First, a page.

Nos. 82-3821, 83-1316 and 83-1585.
Argued April 12, 1984.
Decided April 16, 1985. Rehearing and Rehearing En Banc Denied in Nos. 83-1316 and 83-1585 June 3, 1985.
Stephen R. Buchenroth (argued), Vorys, Sater, Seymour Pease, Columbus, Ohio, for creditor-appellant in No. 82-3821.
Robert A. Goering (argued) Wikle Goering, Cincinnati, Ohio, for debtors-appellees in No. 82-3821.
Mary Ann Zito (argued) UAW Legal Services Plan, Detroit, Mich., for plaintiffs-appellants in No. 83-1316.
Edward R. Barton (argued), Allegan, Mich., amicus curiae.
Ronald T. Barrows, St. Clair Shores, Mich., for defendants-appellees in No. 83-1316.
Robert H. Skilton, III, Patrick E. Mears (argued), John D. Dunn, Grand Rapids, Mich., for amicus curiae (Appellees).
W. Stanley Fambrough (argued), Detroit, Mich., for defendant-appellant in No. 83-1585.
Matthew J. Mason, Detroit, Mich., for plaintiff-appellee in No. 83-1585.
Edward Read Barton (argued), Allegan, Mich., amicus curiae.
Appeal from the Bankruptcy Court for the Southern District of Ohio.
Before ENGEL and KRUPANSKY, Circuit Judges, WEICK, Senior Circuit Judge.
These three appeals raise similar questions about the point in the foreclosure process at which a Chapter 13 debtor loses the right to cure a default on a real estate mortgage on his principal residence.
In each case, the debtor gave a mortgage on real estate that was subject to foreclosure proceedings. In In re Gerald David Glenn, No. 82-3821, the debtors filed their Chapter 13 petition after the mortgagee had obtained a foreclosure judgment but before the property was sold. In In re Ralph Miller, No. 83-1585, and In re Edward J. Pigloski, No. 83-1316, the debtors filed their petitions after the properties had been sold at foreclosure sales but before the statutory redemption periods had run. The debtors in all three cases seek to protect their interests in the real estate by paying off any arrearages through their Chapter 13 plans and resuming the regular mortgage payments. The mortgagee in each case has objected that this treatment is contrary to the provisions of 11 U.S.C. § 1322(b).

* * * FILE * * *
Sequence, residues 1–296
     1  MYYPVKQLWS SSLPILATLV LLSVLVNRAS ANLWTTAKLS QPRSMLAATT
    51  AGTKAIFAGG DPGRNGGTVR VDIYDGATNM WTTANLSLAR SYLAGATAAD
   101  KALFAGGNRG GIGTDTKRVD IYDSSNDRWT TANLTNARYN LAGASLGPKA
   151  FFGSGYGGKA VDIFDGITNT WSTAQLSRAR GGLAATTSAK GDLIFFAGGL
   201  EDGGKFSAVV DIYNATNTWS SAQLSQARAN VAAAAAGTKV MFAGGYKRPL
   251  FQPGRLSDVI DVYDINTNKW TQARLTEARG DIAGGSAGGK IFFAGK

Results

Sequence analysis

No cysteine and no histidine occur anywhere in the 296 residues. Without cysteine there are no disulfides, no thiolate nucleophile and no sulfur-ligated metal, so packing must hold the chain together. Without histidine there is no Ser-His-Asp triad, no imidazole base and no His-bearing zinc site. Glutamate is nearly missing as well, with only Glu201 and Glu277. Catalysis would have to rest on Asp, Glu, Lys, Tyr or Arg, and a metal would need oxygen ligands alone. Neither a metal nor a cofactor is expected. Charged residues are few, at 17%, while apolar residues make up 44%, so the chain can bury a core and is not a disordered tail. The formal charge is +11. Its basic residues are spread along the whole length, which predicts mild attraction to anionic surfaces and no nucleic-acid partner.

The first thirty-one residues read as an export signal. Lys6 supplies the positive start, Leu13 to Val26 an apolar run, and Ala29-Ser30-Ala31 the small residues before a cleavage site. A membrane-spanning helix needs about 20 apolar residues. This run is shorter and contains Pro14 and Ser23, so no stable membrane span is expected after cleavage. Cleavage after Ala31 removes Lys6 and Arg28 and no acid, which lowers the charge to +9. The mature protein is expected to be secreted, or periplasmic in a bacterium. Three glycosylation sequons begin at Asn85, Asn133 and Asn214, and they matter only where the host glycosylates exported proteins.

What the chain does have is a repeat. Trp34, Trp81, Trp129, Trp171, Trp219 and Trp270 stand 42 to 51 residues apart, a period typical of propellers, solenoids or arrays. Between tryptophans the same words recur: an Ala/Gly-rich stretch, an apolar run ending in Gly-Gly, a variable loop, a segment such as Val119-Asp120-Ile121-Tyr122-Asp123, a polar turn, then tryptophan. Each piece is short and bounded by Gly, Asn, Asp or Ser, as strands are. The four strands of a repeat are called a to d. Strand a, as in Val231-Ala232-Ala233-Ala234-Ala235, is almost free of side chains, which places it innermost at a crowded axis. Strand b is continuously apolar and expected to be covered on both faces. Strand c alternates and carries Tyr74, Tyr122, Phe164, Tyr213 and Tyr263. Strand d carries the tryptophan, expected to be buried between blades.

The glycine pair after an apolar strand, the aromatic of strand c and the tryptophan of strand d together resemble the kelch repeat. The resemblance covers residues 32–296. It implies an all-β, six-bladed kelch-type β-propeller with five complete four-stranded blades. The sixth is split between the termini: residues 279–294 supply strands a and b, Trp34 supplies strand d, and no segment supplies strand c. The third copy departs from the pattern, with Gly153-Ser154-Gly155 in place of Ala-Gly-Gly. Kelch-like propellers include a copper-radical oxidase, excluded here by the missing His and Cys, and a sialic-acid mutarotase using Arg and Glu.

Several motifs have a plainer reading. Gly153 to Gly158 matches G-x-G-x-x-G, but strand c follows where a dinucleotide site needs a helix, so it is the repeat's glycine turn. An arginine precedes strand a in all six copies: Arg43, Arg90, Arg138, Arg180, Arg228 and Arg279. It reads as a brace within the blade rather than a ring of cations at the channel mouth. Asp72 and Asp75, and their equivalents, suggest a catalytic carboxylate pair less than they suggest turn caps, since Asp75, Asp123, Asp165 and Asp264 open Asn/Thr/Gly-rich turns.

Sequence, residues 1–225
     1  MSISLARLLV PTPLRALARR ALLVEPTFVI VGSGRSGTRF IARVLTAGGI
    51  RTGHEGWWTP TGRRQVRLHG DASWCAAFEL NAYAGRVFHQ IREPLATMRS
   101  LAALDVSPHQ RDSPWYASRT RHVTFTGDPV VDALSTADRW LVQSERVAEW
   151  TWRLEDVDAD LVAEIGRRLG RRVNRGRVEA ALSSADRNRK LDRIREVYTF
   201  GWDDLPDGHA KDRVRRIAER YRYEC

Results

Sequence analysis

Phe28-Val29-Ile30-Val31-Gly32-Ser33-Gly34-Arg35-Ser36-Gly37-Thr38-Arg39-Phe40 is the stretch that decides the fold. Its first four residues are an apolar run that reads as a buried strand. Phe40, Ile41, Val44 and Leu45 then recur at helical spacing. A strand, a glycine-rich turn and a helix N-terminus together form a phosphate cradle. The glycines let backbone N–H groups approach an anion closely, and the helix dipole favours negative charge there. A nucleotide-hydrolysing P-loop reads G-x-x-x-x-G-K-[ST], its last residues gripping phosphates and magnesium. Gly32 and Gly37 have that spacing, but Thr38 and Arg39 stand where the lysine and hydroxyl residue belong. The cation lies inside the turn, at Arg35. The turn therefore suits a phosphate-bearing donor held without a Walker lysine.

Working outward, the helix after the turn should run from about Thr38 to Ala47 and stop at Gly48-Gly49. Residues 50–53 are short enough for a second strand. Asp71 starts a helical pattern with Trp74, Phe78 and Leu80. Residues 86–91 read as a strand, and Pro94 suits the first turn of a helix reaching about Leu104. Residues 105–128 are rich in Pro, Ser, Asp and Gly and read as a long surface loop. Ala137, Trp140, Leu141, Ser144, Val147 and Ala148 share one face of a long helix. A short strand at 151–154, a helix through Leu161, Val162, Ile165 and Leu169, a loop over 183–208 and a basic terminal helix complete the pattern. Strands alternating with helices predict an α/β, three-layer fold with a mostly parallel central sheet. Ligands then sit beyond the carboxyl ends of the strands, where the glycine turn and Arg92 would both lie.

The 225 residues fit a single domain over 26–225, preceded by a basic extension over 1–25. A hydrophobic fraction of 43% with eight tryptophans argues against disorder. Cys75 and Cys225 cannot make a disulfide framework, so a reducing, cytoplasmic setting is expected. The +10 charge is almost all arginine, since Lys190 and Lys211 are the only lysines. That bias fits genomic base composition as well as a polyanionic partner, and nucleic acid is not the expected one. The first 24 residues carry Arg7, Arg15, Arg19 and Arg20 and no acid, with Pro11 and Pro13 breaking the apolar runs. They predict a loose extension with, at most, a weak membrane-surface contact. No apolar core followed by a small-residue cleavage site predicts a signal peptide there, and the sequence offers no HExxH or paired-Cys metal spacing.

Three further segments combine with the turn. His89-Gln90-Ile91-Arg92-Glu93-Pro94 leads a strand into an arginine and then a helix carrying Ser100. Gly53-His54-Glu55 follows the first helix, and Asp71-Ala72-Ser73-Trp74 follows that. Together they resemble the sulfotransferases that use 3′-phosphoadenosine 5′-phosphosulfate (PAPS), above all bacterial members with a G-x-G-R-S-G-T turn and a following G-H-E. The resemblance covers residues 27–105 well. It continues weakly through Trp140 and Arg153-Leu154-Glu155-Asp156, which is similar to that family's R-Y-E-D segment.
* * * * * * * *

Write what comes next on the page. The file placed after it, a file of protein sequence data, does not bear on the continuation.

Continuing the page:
Each appeal also raises at least one additional issue. In Glenn, the debtors argue that, pursuant to 11 U.S.C. § 1322(b)(2), their Chapter 13 plan may modify the rights of their creditor because the creditor's security interest is in a parcel that includes not only their principal residence, but also fifty acres of adjoining farmland. Should they not be permitted to reinstate the terms of their mortgages, the debtors in Miller and Pigloski seek a ruling that would toll the running of the statutory redemption periods for the duration of their Chapter 13 plans. The Pigloskis also claim that they should be allowed to spread the payment of the redemption amount over the entire length of their Chapter 13 plan while the debtor in Miller argues that the expiration of the redemption period following the foreclosure sale would constitute a preferential transfer that may be avoided under 11 U.S.C. § 547(b).
GERALD DAVID AND JANICE SUE GLENN (82-3821)
In October 1978 the Glenns bought their home and the fifty acres of land on which it is located in Fayetteville, Ohio. They made a $20,000.00 down payment and gave a first mortgage promissory note to the Federal Land Bank of Louisville to finance the balance of the purchase price. The Glenns also delivered a mortgage deed to the bank. The note required the payment of $2850.00 every six months and contained an acceleration clause giving the bank the option to declare the entire debt due and payable immediately should the Glenns fail to make any payments.
The Glenns subsequently failed to make some of the mortgage payments, and the bank accelerated the debt. When the Glenns failed to pay the accelerated amount, the bank commenced foreclosure proceedings. On December 18, 1981, the Court of Common Pleas of Brown County, Ohio entered a foreclosure judgment against the Glenns for $51,991.95. Later that same day, the Glenns filed their Chapter 13 petition with the bankruptcy court.
Under the terms of their Chapter 13 plan, the Glenns proposed to pay the bank the arrearage on the mortgage over a period of twenty-one months while maintaining current payments outside the plan under the original terms of the note. The bank objected to the plan, arguing that the note and mortgage had been merged and reduced to judgment and that the Glenns currently owed not just the amount they were in arrears but the entire judgment amount. The bankruptcy court overruled the bank's objection and confirmed the plan. Relying upon the rationale of the Second Circuit in In re Taddeo, 685 F.2d 24 (2d Cir. 1982), the court held that 11 U.S.C. § 1322(b)(5) permitted the Glenns to "deaccelerate" their mortgage and reinstate the original payment schedule.
The parties agreed to a direct appeal to our court pursuant to 28 U.S.C. § 1293(b).
RALPH MILLER (83-1585)
On August 5, 1980, Ralph Miller purchased a house in Detroit, Michigan, subject to an existing first mortgage, dated April 17, 1973, held by First Federal of Michigan. The sale price was $26,500.00, and the balance on the mortgage note was approximately $20,900.00.
Following repeated, lengthy lay-offs from his employment, Miller defaulted on the mortgage in 1981. First Federal commenced a foreclosure by advertisement in March 1982, and a sheriff's sale was held on May 14, 1982. First Federal purchased the property for a bid of the balance owing on the mortgage.